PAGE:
Art to Artillery, an absurd student-directed comedy short featuring an aloof designer artist couple that reveal their descent into international gun manufacturing, brought together a lively celebration of works by UAL students on one quirky film set this February.
The film, due for release in mid-May, will be available on the Nowness video channel as part of three films realised by Central Saint Martins students. Following the announcement of a new sustainable innovation initiative funded by the LVMH group in partnership with CSM, the films take on ideas surrounding the relationship between luxury and sustainability in three very different ways.
Art to Artillery is a loving parody of contemporary efforts to capitalise and fetishize noble causes: Everything from the endearing “natural” graphic design of an overly packaged Graze box, to a vlogger promoting green minimalist lifestyles that on closer inspection rather miss the mark. Anything, it seems, can be capitalised – even anti-materialism, or a “return to the earth”! The film explores what happens when the clean and serene aesthetic of an apparently liberally inclined, artsy interview video, is superimposed with the clearly abhorrent ethics of (albeit sustainable) weapons production.
Michie and Brian (or as his wife mistakenly refers to him, Bran) are a passionately creative pair who have managed to strike it big in the world of art design. Sympathetic in character and with seemingly the best of intentions, the ethical focus of their practice has gone fatefully awry. They have moved into “sustainable destruction”, and are excited about what the future of fairtrade, open source and eco-friendly weaponry might hold. Isolated in their designer eco-home on the beach of Bognor Regis, the pair’s obsession with the immortalising cycles of sustainability has seemingly caught them up in a loopiness of their own.
Raucously absurd and jubilant, this love-story-cum-twisted-manifesto raises questions surrounding possible hypocrasies in the campaign against climate change, through the prism of pleasing media aesthetics that we truly come to know and love.
Tom Cardew and myself (MA students of Fine Art at CSM) approached the brief by parodying the very platform we were to seek patronage from, by immitating artist interviews on the Nowness video channel through short improvised conversations on-the-go. Going for a walk in Hampstead Heath, with a phone recording us in hand, we tried out different characters like costumes before coming down to an approximation of Michie and Br(i)an. She, a well spoken and inspired Californian “hippie dreamer” with an abrupt and domineering corporate edge, and he, a potterer, a dabbeler, a posh Tunbridge-wells born sportive fellow, besotten with his tyrant of a bride. Equipped with these two characters contrived through performative storytelling methods borrowed from our independent practices, we knew little else about making a short film, and were in for a steep learning curve.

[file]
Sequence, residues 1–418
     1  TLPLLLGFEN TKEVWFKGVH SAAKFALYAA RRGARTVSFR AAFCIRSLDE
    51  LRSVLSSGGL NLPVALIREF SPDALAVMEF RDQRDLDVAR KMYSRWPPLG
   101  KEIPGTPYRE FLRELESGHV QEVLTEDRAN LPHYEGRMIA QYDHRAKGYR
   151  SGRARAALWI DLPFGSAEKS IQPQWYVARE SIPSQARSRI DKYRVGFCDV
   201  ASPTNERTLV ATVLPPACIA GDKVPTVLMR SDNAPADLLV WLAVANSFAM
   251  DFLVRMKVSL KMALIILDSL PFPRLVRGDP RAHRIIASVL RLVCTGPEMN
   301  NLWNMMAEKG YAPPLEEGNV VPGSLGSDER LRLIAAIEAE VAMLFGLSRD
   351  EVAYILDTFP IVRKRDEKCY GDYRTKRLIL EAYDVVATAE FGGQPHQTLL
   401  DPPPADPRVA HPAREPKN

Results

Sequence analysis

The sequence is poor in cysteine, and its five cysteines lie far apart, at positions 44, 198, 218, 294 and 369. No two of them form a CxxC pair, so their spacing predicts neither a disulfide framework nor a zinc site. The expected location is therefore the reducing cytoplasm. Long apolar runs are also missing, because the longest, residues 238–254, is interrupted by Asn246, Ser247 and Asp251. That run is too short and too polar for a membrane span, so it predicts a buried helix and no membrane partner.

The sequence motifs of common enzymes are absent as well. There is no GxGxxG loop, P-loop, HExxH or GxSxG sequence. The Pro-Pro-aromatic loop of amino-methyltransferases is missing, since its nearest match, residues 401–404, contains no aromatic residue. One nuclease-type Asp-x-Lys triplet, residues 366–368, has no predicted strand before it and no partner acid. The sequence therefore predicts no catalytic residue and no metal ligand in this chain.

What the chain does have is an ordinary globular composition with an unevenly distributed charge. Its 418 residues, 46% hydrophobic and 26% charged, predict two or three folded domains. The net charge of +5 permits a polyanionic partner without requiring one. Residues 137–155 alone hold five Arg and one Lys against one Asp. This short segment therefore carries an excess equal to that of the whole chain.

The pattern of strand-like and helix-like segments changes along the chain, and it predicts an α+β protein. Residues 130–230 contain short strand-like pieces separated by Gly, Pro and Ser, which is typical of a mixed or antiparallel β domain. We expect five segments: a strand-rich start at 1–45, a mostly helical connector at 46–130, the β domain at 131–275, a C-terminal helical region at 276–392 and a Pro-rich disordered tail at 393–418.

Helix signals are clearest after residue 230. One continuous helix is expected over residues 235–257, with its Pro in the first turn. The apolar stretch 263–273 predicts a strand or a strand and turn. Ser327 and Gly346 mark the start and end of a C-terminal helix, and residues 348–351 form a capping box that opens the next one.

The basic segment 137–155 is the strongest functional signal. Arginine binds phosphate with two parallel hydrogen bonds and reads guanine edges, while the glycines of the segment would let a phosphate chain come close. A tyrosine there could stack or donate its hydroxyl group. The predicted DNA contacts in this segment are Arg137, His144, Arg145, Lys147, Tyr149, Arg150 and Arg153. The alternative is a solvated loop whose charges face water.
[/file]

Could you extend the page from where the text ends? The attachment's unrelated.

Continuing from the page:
The four months it took for us to make the film were pretty much filled with our scrambling effort to take on far too many roles: producer, performer, director, editor; it would become painfully clear to use why these aspects of filmmaking are often distributed across a broader team of people. Yet perhaps more importantly than distributing workload, collaboration keeps perspectives aired and fresh; Tom and I were well into the project when we began to realise how our isolation began to match the nutty couple stranded in their designer home. Maybe this worked in our favour, I don’t know.
We’d struggled through a discouraging pre-production phase of trying to secure filming locations by contacting one holiday home-owner after another. At this point, everything feels faraway and hopelessly contingent upon distant stakeholders to the indie filmmaker.
But finally, a prime location appeared in Bognor Regis, just on the sea; an eco-home that resembled a designer space shuttle or time travelling capsule. When the filming dates were set and the possibility of a film began to feel like a reality, we called upon UAL students across colleges and disciplines, to help us construct our narrative and our characters through the film set. For this parody to work and maintain a feeling of suspended disbelief, it was important to butress their house and character with a great deal of personality and creative input. We shared our concept with students and invited reponses in the form of objects, wearables, furniture and art with which we could populate the space and Michie and Brian. The result was a stuffed minibus filled with fascinating submissions and crew, heading south to the location. The diverse and numerous works contributed offered perspectives and narrative opportunities we couldn’t have come up with, and which broadened the scope of our ability to respond and perform within them. The following images show these works in situe, each with their own history, each made with care and in their own time, that together hijack this film opportunity to piece together a wholly student-made film set.
A special thanks to the UAL Postgraduate Student Communities Fund for helping us realise this film, and to these students, to whom we are extremely grateful for working with us:
Click here to watch Art to Artillery, as well as the two other student films commissioned for the theme of Luxury and Sustainability: Cycles of Pleasure by Julie Schroef, Carla Benzing and Steffen Wendt Andrea and La Bicicleta, El Violin by Nicolas Canal.